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Research Article: Study Protocol Clinical Trial

Psychological nursing intervention on anxiety and depression in patients with urinary incontinence after radical prostatectomy

A randomized controlled study protocol

Yang, Liying MBa; Ling, Danjuan MBb; Ye, Lanfen MBa; Zeng, Manping MMc,∗

Author Information
doi: 10.1097/MD.0000000000023127
  • Open


1 Introduction

Prostate cancer (PC) is one of the most familiar disease of the male reproductive system globally, with 1,276,106 new cases in 2018, resulting in 358,989 deaths.[1,2] The incidence and mortality rates of PC are associated with aging, with an average age of 66 at the time of diagnosis. Though there will be an estimated 2,293,818 new cases by 2040,[3] there will be a small change in the mortality rate (an increase of 1.05%).

In treating the clinically localized PC, the radical prostatectomy is regarded as a gold standard,[4] but it is associated with syndromes as urinary incontinence (UI), which can have a significant impact on patients’ quality of life.[5,6] The incidence of UI after radical prostatectomy ranges from 4 to 31%, which is related to the clinical characteristics, intraoperative injuries, surgical methods, and surgeon experience.[7] The UI in the early postoperative period is more serious. However, continence recovery may exist in the first 3 to 6 months or later. The problem can lead to feelings of anxiety and depression, which often occur in men after surgery because of the uncertainty about how to deal with those undesirable effects.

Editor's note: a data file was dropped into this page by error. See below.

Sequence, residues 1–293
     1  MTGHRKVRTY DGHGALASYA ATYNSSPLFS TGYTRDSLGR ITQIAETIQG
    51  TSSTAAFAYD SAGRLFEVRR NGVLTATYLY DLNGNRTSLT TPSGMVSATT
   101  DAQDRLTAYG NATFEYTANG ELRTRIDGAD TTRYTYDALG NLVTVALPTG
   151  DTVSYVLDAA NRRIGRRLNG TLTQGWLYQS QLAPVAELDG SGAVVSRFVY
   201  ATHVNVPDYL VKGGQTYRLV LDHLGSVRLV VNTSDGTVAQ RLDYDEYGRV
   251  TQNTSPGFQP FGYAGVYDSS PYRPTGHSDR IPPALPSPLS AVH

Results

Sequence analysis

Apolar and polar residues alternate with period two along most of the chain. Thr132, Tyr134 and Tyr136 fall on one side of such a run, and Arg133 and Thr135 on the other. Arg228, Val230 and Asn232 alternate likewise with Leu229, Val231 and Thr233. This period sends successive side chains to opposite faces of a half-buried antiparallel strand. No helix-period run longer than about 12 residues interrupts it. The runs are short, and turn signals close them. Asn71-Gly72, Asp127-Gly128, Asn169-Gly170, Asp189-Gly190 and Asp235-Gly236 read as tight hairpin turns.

Published research reports that physical, psychological, and behavioral factors associated with urinary control affect patients’ quality of life.[8,9] Physiological level is the top topic of the current studies, the psychological nursing intervention research is less. Most of the researches on psychological interventions for UI has focused on women with postpartum incontinence and has little applicability to men. The purpose of the trial is to introduce a psychological intervention program and to research its effects on anxiety and depression in patients with severe IU after prostatectomy.

2 Method

2.1 Study design

This is a single-center randomized controlled trial that will be implemented from October 2020 to October 2021. The study is conducted in accordance with the psychiatric checklist for randomized studies authorized by the First People's Hospital of Chenzhou City Ethics Committee (2020054) and registered in Research Registry (researchregistry6082).

2.2 Subjects

One hundred participants who undergo radical prostatectomy are analyzed. Via utilizing the number table, all the patients involved in the experiment are assigned a random number in a random envelope, and the allocation results are hidden from them. The patients are randomly divided into control group (routine nursing, 50 cases) and study group (psychological education, 50 cases). Inclusion criteria are the following: